After retiring from a traditional career, retirement leaves many seniors wondering, “what next?” Sure, you now have an open schedule for that tee time, lunch with friends, family vacations, and relaxing poolside. But for years, your work gave you purpose and a sense of accomplishment. So, now what? Many seniors are looking to fill their time by volunteering for a cause that they care deeply about – without even realizing that volunteering has enormous health benefits.
Learn more about the role of seniors as volunteers in America and the benefits of volunteering for senior physical and mental health.
An Overview of Volunteers in America
The Corporation for National and Community Service found that in the United States nearly 62.6 million people volunteer, almost 25% of the population. Volunteering nearly 8 billion hours of service these volunteers contribute roughly $184 billion of service annually.
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According to their recent census, religious and educational activities made up more than half of volunteer organizations while hospitals, social services, and cultural organizations comprised most of the rest of volunteer organizations. These main volunteer organizations hosted a range of volunteer activities including,
- Collecting, preparing, distributing, or serving food
- Fundraising or selling items to make money
- Engaging in general labor
- Tutoring or teaching
- Mentoring youth
Adults over the age of 55 comprised nearly 36% of the 62.6 million volunteers, with 10% of the volunteers being 75 years old or older.
5 Reasons Seniors Should Volunteer
It’s no secret that volunteers play a crucial role in the U.S. economy, on a macro and a micro level. Volunteers are impacting the broader economy while having a tangible and genuine impact in the lives of individuals receiving their services and donations. Volunteering also has important emotional and physical health benefits for the volunteer – especially when that volunteer is a senior.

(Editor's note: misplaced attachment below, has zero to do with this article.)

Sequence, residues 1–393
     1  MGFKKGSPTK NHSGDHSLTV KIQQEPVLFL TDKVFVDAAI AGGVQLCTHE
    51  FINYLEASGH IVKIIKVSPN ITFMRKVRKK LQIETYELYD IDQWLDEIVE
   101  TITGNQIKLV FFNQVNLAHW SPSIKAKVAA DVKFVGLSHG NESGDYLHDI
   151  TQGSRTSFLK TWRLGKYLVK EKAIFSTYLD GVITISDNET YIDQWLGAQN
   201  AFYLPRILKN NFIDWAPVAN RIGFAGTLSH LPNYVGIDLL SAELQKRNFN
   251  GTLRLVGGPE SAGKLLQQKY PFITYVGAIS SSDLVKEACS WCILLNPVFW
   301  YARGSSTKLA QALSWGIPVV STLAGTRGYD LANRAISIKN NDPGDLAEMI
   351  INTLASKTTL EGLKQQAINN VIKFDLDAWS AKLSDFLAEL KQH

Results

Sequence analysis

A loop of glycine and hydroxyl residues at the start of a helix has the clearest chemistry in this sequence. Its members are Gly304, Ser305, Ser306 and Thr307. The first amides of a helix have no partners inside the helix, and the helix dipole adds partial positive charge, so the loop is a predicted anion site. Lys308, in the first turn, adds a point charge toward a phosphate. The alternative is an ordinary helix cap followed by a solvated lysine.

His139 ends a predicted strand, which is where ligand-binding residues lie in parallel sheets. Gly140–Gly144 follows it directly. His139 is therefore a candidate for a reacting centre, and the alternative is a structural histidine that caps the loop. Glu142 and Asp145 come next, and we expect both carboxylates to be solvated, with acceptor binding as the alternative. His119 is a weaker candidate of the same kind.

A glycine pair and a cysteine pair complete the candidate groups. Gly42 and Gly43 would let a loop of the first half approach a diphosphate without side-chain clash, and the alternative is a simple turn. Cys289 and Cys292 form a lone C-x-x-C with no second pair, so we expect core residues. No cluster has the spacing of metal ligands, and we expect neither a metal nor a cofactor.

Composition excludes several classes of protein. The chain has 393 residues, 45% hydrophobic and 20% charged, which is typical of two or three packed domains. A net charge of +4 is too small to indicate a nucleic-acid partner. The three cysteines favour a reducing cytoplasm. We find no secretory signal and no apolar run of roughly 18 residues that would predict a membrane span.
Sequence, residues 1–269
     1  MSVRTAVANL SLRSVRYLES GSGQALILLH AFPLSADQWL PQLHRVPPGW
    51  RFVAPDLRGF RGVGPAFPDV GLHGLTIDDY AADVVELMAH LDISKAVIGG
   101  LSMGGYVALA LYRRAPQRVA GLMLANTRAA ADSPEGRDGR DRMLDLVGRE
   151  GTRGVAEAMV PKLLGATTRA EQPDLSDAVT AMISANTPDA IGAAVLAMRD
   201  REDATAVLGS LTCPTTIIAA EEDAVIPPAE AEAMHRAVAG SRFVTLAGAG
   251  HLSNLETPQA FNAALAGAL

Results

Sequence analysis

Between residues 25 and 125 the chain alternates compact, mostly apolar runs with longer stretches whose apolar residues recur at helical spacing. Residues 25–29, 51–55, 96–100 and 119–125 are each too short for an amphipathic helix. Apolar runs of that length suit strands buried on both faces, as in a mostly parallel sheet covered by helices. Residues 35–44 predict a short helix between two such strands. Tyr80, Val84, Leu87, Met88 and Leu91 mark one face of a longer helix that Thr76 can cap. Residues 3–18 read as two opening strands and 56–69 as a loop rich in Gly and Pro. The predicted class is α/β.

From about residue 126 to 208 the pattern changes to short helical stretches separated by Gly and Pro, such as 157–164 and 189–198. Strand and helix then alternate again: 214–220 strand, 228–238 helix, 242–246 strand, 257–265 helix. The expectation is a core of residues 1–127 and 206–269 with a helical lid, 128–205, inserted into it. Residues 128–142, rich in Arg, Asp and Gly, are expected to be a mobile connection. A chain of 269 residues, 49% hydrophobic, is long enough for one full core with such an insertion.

1. Volunteering can prevent senior isolation and reduce symptoms of depression
Regularly volunteering gets seniors out into the community, with people counting on their services and abilities. Being relied upon can give seniors purpose and a sense of responsibility, while also encouraging social engagement and even creating friendships. According to a study done by the Corporation for National and Community Service, adults over the age of 60 who volunteer reported higher levels of well-being and lower disability than those who did not volunteer.
2. Volunteering can make you feel like you have more time and money
A study done by Wharton College found that people who volunteer feel more useful, capable, and confident, feeling like they can easily accomplish future tasks. Even though volunteering means they have less time, those that volunteer actually feel like they have more time. The same held true for those that donate more financially. According to the study, “Happier people give more and giving makes people happier, such that happiness and giving may operate in a positive feedback loop (with happier people giving more, getting happier, and giving even more.”
3. Volunteering can help improve intergenerational relationships
Many high school students are encouraged to volunteer to enhance their college applications, and college students are encouraged to volunteer to improve their resumes. Seniors who volunteer have a unique opportunity to engage with a younger generation of volunteers, even if their volunteer work isn’t to serve younger people. Volunteering together can create lasting friendships through shared experiences despite generational differences.
4. Volunteering keeps seniors active for longer
No matter if it’s walking dogs at the Humane Society, building homes for Habitat for Humanity, or restocking books at the library, volunteering keeps seniors physically active. Maintaining physical exercise and an active lifestyle can prevent many injuries and diseases.
5. Volunteering promotes mental health and may help prevent dementia
As the dementia epidemic grows, researchers have a growing focus on prevention methods. The National Institute on Aging has stated that participating in meaningful social activities, like volunteering, can improve longevity, improve mental health, and reduce the risk of dementia.
How have you improved your well-being through volunteerism and community involvement? Share your stories and experiences with us in the comments below.
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